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I'm sure you all know Ennius, the Latin poet.
His Annales only came to us by fragments. So we can find a fragment of Ennius in Cicero, de divinatione I, 48.

I found a sentence and I understand the Latin, but I have difficulties to translate this in proper Dutch, cause the English translation is a bit odd to me.

Exin candida se radiis dedit icta foras lux.

icta radiis (I found this in a ...
Read more : Ennius | Views : 785 | Replies : 4 | Forum : Learning Latin



An apt reciprocation

(thanks to Episcopus)
Read more : Oxford | Views : 1017 | Replies : 0 | Forum : Open Board

Invenit qui non quaerit

He who does not search finds.

Althought I made this up myself, this is derived strongly from Buddhist wisdom which I endorse very much so.

I would not like to explain this quote at this moment, but I ám wondering if there is anyone who recognizes himself in these poetic words and finds himself not searching?
Read more : Invenit qui non quaerit | Views : 8674 | Replies : 15 | Forum : The Academy

Indoeuropean reflects of "shwa"

Hello, I'm new around here so I'm not quite sure how this thing works. :roll: However, if someone has anything on "shwa" issue, it would be nice to let me know.
Read more : Indoeuropean reflects of "shwa" | Views : 1965 | Replies : 10 | Forum : Open Board

fieri potest ut iam scias...sed


You may already know, but Oxford has recognised textkit.
Read more : fieri potest ut iam scias...sed | Views : 430 | Replies : 2 | Forum : Open Board

Participle Q

Friday night and practising my Greek --now that is cool :!:

Example: "I didn't punish the slave who had not done his work."

I know that the finite verb in the main clause must be in the aorist tense (i.e., e)ko/lasa). I do not want to use a subordinate relative clause but a partiiciple instead; therefore, the participle in this example must be in the aorist aspect ...
Read more : Participle Q | Views : 858 | Replies : 2 | Forum : Learning Greek

"there is" translation

How does one translate the English phrase "there is/are" into Latin?

If I wanted to translate "There is a cat in the window" would I do something like: Est feles in fenestram ?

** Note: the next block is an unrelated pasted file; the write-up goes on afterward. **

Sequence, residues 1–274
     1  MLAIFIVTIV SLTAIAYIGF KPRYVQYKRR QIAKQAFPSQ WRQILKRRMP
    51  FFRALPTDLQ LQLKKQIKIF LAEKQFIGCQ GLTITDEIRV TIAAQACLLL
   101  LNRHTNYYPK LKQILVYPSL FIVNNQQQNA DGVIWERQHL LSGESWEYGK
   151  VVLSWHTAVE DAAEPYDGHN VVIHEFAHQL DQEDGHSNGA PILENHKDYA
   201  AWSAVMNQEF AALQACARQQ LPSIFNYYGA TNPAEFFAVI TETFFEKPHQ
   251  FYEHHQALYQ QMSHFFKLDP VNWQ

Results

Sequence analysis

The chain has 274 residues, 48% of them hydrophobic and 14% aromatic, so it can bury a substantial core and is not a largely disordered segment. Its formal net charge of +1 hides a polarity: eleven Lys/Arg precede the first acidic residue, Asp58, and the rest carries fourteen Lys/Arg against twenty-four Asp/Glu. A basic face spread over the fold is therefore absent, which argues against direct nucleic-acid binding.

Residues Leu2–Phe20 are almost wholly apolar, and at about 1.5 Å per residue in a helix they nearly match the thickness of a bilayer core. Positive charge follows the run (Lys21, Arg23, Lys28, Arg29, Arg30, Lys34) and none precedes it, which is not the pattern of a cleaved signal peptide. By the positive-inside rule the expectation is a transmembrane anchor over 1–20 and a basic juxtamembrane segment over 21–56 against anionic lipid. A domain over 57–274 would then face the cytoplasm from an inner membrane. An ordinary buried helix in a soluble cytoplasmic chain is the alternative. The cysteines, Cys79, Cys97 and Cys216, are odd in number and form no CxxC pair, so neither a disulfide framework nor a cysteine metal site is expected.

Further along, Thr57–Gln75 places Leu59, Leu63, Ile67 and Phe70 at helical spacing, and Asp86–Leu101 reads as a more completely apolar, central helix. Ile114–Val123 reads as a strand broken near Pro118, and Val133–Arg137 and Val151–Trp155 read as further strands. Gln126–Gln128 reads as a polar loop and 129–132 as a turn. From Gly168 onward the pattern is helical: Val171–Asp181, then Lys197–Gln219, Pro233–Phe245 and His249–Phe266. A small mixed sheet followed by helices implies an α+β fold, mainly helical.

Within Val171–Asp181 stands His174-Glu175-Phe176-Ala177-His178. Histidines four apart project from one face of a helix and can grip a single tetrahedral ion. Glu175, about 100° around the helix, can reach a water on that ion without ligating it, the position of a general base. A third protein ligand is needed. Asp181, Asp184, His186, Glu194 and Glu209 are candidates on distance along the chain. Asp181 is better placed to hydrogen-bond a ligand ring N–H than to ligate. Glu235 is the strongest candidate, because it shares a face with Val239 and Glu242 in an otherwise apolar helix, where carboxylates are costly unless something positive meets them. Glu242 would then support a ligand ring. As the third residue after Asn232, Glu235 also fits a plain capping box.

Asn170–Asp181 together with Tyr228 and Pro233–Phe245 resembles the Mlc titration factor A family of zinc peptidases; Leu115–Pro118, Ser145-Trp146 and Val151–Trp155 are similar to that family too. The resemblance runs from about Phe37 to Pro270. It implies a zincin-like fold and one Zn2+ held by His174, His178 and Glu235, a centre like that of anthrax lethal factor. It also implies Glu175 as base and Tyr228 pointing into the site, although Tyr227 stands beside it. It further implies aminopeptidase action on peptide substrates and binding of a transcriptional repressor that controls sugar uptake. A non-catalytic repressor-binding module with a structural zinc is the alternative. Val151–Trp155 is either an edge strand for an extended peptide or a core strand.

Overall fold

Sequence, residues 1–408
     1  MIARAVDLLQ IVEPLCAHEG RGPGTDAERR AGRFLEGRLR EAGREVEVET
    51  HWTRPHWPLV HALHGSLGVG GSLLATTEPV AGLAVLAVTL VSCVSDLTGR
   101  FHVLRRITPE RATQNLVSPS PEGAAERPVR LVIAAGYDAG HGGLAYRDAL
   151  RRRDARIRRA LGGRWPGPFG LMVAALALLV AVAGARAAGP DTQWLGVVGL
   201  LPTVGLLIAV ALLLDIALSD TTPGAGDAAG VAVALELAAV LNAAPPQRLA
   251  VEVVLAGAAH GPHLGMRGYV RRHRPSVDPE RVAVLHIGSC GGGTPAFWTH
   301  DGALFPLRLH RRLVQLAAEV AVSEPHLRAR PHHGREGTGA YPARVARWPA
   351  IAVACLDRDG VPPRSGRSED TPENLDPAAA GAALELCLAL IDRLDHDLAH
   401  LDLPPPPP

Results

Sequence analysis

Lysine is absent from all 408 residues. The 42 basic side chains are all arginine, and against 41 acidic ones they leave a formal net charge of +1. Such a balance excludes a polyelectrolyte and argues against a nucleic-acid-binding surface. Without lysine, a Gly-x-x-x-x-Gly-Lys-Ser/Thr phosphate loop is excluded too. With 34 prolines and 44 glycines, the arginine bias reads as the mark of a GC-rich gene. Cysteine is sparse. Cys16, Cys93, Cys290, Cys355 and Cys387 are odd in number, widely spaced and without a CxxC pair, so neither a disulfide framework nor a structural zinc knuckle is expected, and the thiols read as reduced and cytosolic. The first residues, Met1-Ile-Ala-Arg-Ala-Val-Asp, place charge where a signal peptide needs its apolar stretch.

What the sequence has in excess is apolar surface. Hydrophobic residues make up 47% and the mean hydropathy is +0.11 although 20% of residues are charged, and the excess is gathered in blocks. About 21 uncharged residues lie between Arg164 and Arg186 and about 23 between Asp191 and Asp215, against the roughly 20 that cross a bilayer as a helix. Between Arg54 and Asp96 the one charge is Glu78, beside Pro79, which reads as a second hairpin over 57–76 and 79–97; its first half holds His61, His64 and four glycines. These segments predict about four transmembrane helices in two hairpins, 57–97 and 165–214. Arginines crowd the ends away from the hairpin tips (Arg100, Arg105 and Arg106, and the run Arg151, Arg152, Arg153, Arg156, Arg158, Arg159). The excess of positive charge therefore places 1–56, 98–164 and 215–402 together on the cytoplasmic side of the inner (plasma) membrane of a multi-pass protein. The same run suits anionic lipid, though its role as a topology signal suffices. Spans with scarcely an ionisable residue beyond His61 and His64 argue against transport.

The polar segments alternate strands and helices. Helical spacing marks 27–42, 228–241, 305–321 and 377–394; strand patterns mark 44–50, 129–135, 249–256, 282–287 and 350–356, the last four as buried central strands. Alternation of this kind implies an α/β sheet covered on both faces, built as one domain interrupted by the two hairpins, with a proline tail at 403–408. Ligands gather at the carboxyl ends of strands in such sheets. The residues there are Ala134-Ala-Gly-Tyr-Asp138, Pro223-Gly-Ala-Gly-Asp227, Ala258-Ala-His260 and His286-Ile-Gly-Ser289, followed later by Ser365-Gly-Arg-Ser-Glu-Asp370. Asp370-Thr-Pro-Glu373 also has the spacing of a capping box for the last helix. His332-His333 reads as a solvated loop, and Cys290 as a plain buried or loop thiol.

Or is there another way?


-Yvonne Rathbone
Read more : "there is" translation | Views : 1509 | Replies : 9 | Forum : Learning Latin

Exercise 107, Part II, Question 1

English: "The sturdy farmers of Italy labor in the field with great diligence".

My translation: Agricolae validi Italiae in agris cum diligentia magna laborant.

The key's translation: Agricolae validi Italiae magna cum diligentia in agris laborant.

I think the basic meaning is the same but I am confused a little on the word ordering. Is my word ordering wrong compared to the key or does it matter?

I also came up with different word orderings ...
Read more : Exercise 107, Part II, Question 1 | Views : 2727 | Replies : 3 | Forum : Latin For Beginners by D'Ooge

Exercise 107 Part II Question 2

I have a question on #2.

English: "Sextus, the lieutenant, and (his) son Mark are fighting with the Germans".

My translation: Sextus legatus et suus filius, Marcus, cum Germanis pugnant.

The key's translation: Sextus legatus et filius Marcus cum Germanis pugnant.

Why is there no need for suus (his) in the translation?
Read more : Exercise 107 Part II Question 2 | Views : 2568 | Replies : 4 | Forum : Latin For Beginners by D'Ooge

Some pronunciation help, please?

Hello! One of my favourite quotes is 'Vincit, qui se vincit.'
However, I don't know how to pronounce it correctly! If somone could
possibly give me a phonetic version of that sentence, I would be grateful!


Read more : Some pronunciation help, please? | Views : 3211 | Replies : 5 | Forum : Learning Latin


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